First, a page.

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How to Legally Dispose of Gray Water For a Food Truck

Whether your operating a food truck or trailer, you need to consider how to properly dispose of “gray water” for your business. How you remove gray water is critical from a legal perspective and you’ll face stiff fines or have your vending license revoked if you fail to meet this requirement.

On top of the legal ramifications, disposing of this waste water correctly is the right thing to do. It ensures that your waste won’t make anyone sick or backup sewer systems of your local municipality.

In case your unfamiliar with the term “gray water” already, it’s the waste water you produce from a day of operating your mobile kitchen. This waste often contains grease, soap, chlorine, food particles, or bacteria.

Checking For Approved Waste Water Systems

At M&R Specialty Trailers and Trucks, we understand the importance of getting an approved waste water system installed that meets the requirements of local government agencies. This is an important step that can be overlooked by builders and first-time vendors. If missed, the result will mean more time and money to fix on your end.

Take for example, if you planned to operate a “mobile food facility” (AKA food truck) in San Diego County. In this county, you would be required to have a total capacity of carrying 45 gallons of waste water in two separate tanks. The first requires a small 7.5 gallon tank for hand washing. The second requires a larger 37.5 gallons for ware washing and other waste. To find out what rules are in your area consult your local health department before moving forward with any build.

After you’ve got the appropriate sized waste tanks installed, you’ll also need to make sure there is a way to drain the tank externally that can be connected to a hose to offer more flexibility. Some mobile units even have a grease trap installed.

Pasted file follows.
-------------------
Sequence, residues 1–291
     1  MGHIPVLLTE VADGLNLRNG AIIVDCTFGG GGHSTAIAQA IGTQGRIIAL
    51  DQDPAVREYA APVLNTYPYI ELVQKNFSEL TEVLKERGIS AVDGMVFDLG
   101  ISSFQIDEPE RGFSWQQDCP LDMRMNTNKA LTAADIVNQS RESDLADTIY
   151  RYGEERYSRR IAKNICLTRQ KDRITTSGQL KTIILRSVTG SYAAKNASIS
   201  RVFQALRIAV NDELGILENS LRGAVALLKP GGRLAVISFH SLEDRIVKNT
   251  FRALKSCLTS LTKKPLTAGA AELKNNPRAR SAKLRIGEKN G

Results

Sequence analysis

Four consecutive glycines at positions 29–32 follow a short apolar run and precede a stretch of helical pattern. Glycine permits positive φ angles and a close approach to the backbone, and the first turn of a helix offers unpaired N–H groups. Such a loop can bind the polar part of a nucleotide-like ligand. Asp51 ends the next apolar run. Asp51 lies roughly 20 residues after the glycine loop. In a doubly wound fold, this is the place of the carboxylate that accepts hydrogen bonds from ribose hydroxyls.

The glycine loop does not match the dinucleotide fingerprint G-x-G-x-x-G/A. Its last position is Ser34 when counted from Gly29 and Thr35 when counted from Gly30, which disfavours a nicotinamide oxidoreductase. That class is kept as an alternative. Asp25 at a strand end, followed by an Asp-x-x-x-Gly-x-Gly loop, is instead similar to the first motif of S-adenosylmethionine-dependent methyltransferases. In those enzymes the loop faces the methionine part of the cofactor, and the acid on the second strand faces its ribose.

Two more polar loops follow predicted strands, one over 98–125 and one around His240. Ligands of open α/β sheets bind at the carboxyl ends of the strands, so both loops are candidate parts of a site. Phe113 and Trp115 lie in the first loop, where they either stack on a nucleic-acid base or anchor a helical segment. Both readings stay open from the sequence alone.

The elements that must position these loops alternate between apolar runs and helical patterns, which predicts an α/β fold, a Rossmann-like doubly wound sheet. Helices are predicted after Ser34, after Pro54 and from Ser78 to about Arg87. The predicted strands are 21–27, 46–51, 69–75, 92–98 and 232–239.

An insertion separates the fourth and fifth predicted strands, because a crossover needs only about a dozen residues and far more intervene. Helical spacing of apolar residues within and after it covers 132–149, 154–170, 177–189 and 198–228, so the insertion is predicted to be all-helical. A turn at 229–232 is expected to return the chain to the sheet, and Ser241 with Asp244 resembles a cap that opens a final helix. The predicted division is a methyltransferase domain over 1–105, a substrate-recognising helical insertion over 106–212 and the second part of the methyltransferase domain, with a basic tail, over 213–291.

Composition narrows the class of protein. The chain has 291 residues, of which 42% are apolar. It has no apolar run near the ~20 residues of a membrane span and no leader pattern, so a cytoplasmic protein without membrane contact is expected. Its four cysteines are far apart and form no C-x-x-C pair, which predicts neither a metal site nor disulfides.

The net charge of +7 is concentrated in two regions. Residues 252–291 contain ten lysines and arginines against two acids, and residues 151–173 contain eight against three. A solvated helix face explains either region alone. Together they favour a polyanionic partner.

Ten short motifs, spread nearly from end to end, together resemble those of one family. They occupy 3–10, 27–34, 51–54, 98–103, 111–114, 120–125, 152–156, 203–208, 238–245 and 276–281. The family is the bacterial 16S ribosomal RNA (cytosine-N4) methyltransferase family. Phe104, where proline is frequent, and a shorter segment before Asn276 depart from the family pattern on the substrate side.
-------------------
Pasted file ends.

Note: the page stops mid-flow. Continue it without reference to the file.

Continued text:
One pro tip that you’ll want to build into your process is to inspect if there is any leakage from your waste water tank. If there is leakage and it’s discovered by an inspector first, your business will be shut down until you fix the problem.

One simple way to ensue the tank is not leaking or cracked is to check underneath your vehicle after each day of operation. You’ll see the waste water on the ground, especially when parked on pavement.

Approved Gray Water Facilities

Now that you’ve figured out what you need in terms of onboard equipment, you’ll want to find out where exactly you can dispose of your waste water at the end of the day. One easy recommendation is to ask your local health department for a list of approved resources in your area. Here are a few of the most common ways you can dispose of waste water:

Commissaries: This is the most common location for food trucks to dispose of their waste water at the end of the shift. Most commissaries will have a location setup where you can hook an external hose to release water into a grease interceptor.

Restaurants: If you already own a restaurant then this is your best option. If not, you’ll have to have to find another business owner that you can exchange value for and potentially pay a small fee. One tip would be to reach out to smaller restaurant owners that would be happy to do this for a small fee.

Camping Areas: You’ll need to consult with your health department if this is an option in your area, but it is fine in some areas. Believe it or not, but RVs have similar waste from bathrooms and cooking that food trucks do. The hookup and disposal is similar as well.

Unfortunately, when it comes to mobile vending the rules are a little bit different no matter where you go. Consulting with your local officials is the safest way to ensure that you’re following the letter of the law.

Don’t Try This At Home

Finally, do not try to dump your gray water at home (or anywhere else it’s not approved). Eventually, the build up from your gray water will plug the sewer systems and it will get back to you. Water companies now have ways to send cameras down plumbing lines to identify where the source of a problem is coming from. If the problem is you, it’ll be you that is on the hook to pay for the problem to be solved.

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